With California’s blueberry season kicking off, the California Blueberry Commission’s executive director Todd Sanders looks forward to a promising season.
“We’re expecting a significantly larger crop than last year,” he says, adding the reasons for this are twofold.
“One, that it’s just a larger crop in general, I think a lot of the commodities, not just blueberries, but cherries, apples, everything in the state of California is going to be a little bit larger than normal – also, last year, we had about a 25% crop loss due to frost, maybe 30%,” he comments.
Yet, Sanders anticipates 2019’s volumes to not only exceed last year’s, but to surpass a typical season’s, explaining: “Compared to last year, we’re going to be 30% larger, but on average, we’re probably about 10-15% larger than we normally would be.”
He predicts California will see this increased production despite its late start to harvestings. Speaking on the delay, he says: “This year we’re running a little bit late…There’s been a little bit cooler weather…so we’re running about seven to ten days later than normal.
“Normally harvest in the south, southern California, would be starting to ramp up about a week or so ago, but… we’re just now starting to get our blueberries,” He adds.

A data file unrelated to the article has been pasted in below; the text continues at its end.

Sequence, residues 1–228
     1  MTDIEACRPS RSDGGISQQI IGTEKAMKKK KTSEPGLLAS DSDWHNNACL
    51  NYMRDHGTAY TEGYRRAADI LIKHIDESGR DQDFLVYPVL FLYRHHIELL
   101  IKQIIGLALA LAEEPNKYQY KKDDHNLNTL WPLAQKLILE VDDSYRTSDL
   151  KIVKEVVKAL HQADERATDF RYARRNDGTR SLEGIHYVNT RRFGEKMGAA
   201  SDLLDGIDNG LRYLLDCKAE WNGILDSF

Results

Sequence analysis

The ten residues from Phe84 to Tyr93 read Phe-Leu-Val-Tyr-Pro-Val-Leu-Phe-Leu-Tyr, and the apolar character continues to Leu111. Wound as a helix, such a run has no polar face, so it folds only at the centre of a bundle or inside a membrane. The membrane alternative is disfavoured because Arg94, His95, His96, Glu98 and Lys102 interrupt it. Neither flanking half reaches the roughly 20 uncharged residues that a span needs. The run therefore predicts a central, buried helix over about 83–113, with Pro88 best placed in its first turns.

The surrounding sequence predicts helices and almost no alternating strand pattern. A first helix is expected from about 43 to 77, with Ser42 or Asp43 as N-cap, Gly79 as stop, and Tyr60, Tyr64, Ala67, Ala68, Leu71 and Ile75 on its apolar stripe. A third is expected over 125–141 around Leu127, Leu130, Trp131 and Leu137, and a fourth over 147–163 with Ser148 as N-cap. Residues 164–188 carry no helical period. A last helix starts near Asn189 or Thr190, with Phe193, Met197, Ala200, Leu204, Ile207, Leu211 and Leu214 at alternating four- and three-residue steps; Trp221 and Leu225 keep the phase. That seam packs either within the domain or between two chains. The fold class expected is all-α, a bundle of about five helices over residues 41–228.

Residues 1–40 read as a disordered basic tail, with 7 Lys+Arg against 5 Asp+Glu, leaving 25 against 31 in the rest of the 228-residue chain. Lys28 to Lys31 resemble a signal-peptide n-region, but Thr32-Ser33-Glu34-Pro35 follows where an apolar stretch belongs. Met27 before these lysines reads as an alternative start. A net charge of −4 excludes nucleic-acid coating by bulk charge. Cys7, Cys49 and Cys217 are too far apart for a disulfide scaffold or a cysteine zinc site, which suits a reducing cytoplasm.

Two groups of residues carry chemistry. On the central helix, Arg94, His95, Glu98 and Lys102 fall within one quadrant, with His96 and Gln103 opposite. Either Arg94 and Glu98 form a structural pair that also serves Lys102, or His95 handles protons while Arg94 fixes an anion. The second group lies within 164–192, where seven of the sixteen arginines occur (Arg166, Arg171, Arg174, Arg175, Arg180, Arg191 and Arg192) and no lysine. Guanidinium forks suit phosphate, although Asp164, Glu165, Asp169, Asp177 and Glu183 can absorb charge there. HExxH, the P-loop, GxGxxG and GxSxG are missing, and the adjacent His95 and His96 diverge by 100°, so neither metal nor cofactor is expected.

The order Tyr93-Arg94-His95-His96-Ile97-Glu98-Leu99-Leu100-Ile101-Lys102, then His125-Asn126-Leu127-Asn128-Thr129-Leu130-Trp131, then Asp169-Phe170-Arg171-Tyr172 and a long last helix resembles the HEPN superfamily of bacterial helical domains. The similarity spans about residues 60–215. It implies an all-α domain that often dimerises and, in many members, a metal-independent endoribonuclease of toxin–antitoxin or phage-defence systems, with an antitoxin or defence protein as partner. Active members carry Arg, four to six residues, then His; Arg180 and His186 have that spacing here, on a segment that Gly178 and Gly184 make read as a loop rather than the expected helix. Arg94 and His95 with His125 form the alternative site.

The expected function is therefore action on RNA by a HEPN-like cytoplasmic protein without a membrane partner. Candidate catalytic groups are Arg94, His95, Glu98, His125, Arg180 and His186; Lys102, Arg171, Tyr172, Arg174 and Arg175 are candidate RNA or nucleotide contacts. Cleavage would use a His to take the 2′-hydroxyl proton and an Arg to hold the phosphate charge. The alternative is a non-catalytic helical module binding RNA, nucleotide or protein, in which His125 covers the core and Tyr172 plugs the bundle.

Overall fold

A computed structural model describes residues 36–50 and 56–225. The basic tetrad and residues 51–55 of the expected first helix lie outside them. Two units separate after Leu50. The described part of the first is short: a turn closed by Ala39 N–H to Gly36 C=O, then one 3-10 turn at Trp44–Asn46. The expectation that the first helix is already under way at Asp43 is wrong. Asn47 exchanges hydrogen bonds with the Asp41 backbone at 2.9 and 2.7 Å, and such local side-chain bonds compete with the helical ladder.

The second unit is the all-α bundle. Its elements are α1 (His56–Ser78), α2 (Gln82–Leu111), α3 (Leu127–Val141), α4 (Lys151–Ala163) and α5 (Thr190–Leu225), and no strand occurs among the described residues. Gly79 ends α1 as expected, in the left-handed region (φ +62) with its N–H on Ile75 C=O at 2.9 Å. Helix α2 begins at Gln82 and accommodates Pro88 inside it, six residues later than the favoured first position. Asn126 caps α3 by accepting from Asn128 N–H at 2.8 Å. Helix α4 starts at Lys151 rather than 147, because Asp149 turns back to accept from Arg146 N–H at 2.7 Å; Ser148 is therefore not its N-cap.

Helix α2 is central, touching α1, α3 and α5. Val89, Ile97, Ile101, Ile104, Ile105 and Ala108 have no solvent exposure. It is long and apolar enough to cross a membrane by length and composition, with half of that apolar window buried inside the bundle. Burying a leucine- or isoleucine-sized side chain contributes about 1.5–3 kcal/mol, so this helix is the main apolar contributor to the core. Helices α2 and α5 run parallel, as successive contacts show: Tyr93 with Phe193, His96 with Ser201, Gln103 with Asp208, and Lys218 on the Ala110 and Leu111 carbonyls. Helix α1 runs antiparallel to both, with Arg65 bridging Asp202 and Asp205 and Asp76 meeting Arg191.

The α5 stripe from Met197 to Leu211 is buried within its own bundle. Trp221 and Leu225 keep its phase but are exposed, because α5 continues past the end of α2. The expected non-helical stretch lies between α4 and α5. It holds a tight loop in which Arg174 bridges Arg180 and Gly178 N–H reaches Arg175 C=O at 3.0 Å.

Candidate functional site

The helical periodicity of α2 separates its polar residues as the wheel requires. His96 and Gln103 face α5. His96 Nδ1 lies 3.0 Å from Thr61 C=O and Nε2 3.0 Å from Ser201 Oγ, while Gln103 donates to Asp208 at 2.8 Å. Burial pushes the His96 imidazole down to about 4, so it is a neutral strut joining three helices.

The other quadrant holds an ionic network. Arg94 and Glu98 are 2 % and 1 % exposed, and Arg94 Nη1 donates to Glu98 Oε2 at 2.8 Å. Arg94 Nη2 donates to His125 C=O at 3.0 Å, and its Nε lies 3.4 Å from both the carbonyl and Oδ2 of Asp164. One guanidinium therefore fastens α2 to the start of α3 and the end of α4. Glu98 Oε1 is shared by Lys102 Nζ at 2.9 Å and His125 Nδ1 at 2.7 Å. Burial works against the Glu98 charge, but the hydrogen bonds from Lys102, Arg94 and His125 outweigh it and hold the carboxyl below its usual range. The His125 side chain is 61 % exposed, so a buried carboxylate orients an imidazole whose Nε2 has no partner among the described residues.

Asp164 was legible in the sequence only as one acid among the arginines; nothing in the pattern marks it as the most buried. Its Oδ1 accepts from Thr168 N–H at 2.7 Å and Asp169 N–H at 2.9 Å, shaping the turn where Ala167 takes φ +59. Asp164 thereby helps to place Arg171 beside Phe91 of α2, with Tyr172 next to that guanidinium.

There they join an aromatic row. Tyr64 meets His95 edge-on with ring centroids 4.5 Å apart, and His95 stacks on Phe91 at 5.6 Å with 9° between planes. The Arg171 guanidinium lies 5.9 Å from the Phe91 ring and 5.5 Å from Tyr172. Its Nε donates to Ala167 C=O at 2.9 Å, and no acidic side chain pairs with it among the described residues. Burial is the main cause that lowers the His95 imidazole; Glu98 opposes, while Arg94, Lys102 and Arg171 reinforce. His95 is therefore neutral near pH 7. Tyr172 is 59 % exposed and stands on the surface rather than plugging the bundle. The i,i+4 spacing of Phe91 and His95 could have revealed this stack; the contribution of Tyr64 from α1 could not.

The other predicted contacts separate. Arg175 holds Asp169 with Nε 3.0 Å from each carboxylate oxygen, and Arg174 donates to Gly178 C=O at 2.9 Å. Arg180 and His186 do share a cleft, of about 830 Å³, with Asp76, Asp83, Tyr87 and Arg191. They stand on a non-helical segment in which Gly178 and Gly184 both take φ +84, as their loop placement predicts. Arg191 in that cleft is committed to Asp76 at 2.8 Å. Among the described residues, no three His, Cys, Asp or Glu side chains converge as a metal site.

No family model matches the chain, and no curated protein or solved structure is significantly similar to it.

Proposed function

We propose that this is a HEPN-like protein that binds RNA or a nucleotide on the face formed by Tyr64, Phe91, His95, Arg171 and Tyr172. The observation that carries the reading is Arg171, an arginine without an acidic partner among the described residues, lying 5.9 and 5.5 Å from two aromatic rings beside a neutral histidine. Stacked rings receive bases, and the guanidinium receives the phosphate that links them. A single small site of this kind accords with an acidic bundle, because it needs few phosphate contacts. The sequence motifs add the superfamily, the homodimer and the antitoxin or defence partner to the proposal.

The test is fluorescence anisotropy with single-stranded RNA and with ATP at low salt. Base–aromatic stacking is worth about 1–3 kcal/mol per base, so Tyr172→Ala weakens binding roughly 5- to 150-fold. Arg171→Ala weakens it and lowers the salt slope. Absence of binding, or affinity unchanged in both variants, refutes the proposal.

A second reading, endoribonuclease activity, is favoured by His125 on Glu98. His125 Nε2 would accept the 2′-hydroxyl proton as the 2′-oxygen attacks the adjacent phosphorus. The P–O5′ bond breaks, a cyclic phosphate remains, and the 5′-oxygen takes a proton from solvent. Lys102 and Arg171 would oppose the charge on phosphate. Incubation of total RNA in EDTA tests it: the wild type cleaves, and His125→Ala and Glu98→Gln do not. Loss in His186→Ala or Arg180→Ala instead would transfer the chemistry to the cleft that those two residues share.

As far as how the season’s later timeline might affect market conditions, Sanders notes: “everybody’s a little bit delayed”. He clarifies: “Mexico’s a little delayed, so their season is running into ours, and if we’re a little delayed, our season runs into Oregon, you know everybody’s just kinda pushed back a little bit.”
Meanwhile, he says blueberries across the state are beginning to “color up” in huge quantities and warmer weather is likely to hit California this week, with temperatures forecasted to rise above 32°C. As a result, growers are “going to see all these fresh high-quality blueberries coming off, not all at once, but at significant volumes. So, movement of the fruit is going to be paramount.”
He emphasizes that organic blueberries are going to reign supreme this year, with the category’s expected volume to be “almost double” its total in 2018.
“I think you’re going to continually see the organic category grow, to what level that is sustainable I’m not sure, but it’s going to continually grow just as the market, especially domestic and especially in California demands it.”
According to Sanders, part of this can be attributed to a new method of blueberry cultivation – substrates. Rather than wait years for soil to be suitable enough to earn the “organic” label, many Californian growers are planting blueberries in substrates, which are above ground. This allows farmers to grow organics quickly to meet the rising demand for the commodity.
While Sanders says this demand in nationwide, he adds: “California is really driving that organic category and it’s only going to continually grow…the Californian consumer is definitely geared towards wanting more and more organic food and this is something that is filling that need.”
Sanders believes other categories will do well, though, remarking: “We’re looking forward to a positive and a strong season this year. I know that the berries that have initially started coming off…are good quality, good color, good size, and so I anticipate that trend to continue”.